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ARS Home » Midwest Area » Madison, Wisconsin » Vegetable Crops Research » Research » Publications at this Location » Publication #347749

Research Project: Genetic Enhancement of Allium, Cucumis, and Daucus Germplasm

Location: Vegetable Crops Research

Title: A novel carotenoid accumulation mechanism revealed through analysis of genetic structure and domestication in carrot (Daucus carota L.)

Author
item Ellison, Shelby
item LUBY, CLAIRE - University Of Wisconsin
item CORAK, KEO - University Of Wisconsin
item COE, KEVIN - University Of Wisconsin
item Senalik, Douglas
item IORIZZO, MASSIMO - North Carolina State University
item GOLDMAN, IRWIN - University Of Wisconsin
item Simon, Philipp
item DAWSON, JULIE - University Of Wisconsin

Submitted to: Genetics
Publication Type: Peer Reviewed Journal
Publication Acceptance Date: 10/15/2018
Publication Date: 12/1/2018
Citation: Ellison, S.L., Luby, C., Corak, K., Coe, K.M., Senalik, D.A., Iorizzo, M., Goldman, I., Simon, P.W., Dawson, J. 2018. A novel carotenoid accumulation mechanism revealed through analysis of genetic structure and domestication in carrot (Daucus carota L.). Genetics. 210(4):1497-1508. https://doi.org/10.1534/genetics.118.301299.
DOI: https://doi.org/10.1534/genetics.118.301299

Interpretive Summary: The first colors of carrot 1100 years ago were purple and yellow, not orange. There is some evidence for orange carrot earlier in history, but orange carrots did not appear consistently in the historical record until the 16th century when they quickly became the predominant color, as it is still today. The orange pigments in carrots, called carotenoids, contribute to their visual appeal and they provide 10-15% of the vitamin A to the U.S. diet. In past experiments we studied two of the genes that underlie the accumulation of high levels of carotenoids in carrot roots, but much of that biomolecular mechanism is largely unknown. Using a global collection of diverse carrots varying in color, in this study we provide the first evidence that the Or gene is involved in carrot carotenoid accumulation. The Or gene is known to be involved in carotenoid accumulation in other crops including cauliflower and sweet potato, but before this study, not carrot. Our analysis also enabled the identification of regions of the carrot genome that contain genes likely involved in carrot domestication that include not only the Or gene but also other traits such as carrot shape and flowering. This study will be of interest to plant geneticists, molecular biologists, breeders, nutritionists, vegetable growers, and agricultural historians.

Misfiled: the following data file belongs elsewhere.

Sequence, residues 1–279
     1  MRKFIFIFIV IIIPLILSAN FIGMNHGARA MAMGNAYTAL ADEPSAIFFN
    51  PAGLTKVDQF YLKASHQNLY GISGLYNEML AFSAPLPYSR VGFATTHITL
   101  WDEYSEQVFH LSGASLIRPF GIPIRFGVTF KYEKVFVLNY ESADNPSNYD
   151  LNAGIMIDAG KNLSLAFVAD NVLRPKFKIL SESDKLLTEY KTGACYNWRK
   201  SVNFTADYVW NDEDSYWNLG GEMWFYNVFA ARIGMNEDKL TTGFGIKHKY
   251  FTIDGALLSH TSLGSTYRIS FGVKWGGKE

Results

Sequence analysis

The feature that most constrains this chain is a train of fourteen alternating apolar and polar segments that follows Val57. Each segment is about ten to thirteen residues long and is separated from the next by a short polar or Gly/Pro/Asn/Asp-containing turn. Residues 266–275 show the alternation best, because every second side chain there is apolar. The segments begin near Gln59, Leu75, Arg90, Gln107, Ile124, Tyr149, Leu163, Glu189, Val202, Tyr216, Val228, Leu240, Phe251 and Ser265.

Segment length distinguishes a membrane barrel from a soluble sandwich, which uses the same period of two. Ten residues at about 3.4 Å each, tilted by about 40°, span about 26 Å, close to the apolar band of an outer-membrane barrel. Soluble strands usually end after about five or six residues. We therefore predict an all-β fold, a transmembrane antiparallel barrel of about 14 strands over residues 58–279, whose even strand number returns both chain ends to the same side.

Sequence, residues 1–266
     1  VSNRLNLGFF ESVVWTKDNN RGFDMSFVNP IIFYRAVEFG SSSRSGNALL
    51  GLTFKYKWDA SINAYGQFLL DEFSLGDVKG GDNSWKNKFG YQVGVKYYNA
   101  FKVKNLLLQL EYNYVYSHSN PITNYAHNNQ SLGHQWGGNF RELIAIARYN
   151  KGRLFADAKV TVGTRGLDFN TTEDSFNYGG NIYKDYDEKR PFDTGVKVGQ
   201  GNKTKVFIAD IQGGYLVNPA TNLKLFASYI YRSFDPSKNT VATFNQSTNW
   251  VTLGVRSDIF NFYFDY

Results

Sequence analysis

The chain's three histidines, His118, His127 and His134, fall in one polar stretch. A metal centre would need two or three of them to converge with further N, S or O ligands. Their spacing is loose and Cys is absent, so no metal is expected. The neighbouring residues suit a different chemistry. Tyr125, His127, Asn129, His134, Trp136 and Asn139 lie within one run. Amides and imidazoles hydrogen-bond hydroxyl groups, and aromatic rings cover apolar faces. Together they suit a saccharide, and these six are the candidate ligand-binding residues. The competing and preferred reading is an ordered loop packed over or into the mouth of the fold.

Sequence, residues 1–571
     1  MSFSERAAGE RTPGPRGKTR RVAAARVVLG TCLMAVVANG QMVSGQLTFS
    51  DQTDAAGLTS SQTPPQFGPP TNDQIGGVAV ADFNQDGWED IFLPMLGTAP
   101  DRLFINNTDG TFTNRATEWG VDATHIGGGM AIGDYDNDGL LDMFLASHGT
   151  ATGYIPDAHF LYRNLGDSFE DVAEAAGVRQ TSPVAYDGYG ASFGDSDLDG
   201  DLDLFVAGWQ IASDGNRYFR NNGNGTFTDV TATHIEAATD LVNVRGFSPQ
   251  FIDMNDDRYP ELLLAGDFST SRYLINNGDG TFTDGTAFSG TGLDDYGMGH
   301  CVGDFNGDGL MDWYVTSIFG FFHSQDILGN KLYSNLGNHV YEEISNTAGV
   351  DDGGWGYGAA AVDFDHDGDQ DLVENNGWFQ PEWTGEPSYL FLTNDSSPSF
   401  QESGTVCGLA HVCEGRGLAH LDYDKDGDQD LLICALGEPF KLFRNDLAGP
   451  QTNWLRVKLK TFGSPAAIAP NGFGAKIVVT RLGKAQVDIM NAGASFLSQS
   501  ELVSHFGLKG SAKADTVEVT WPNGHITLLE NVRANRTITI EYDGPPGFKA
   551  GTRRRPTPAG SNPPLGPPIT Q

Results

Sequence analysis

Technical Abstract: Carrots accumulate more carotenoids than any other crop. Genetic variation in the carotenoid biosynthetic pathway does not fully explain the accumulation of such high levels of carotenoids in carrot roots. Using a diverse collection of modern and historic cultivated varieties and wild carrot accessions, an association analysis revealed a significant association with a region of the genome that contains the Or gene, advancing the Or gene as a candidate for carotenoid accumulation in carrots. This gene family has been demonstrated to control carotenoid accumulation in other crop families but has not previously been described in carrot. Our analysis also allowed us to more completely characterize the genetic structure of carrot, showing that the western domesticated carrot largely forms one genetic group, despite dramatic phenotypic differences among market classes within this group. Eastern domesticated and wild accessions form a second group, which reflects the more recent cultivation history of carrots in the specific eastern region of central Asia; and other wild accessions form distinct geographic groups, with a very well-defined group on the Iberian peninsula. Using genome-wide Fst, nucleotide diversity, and Tajima’s D statistics, we analyzed the genome for regions putatively under selection during domestication, and identified five regions that were significant for all three methods of detection, one of which includes the Or gene. This provides further support that Or was important in the early stages of carrot domestication and improvement and may explain why it has not been found with less genetically diverse mapping populations.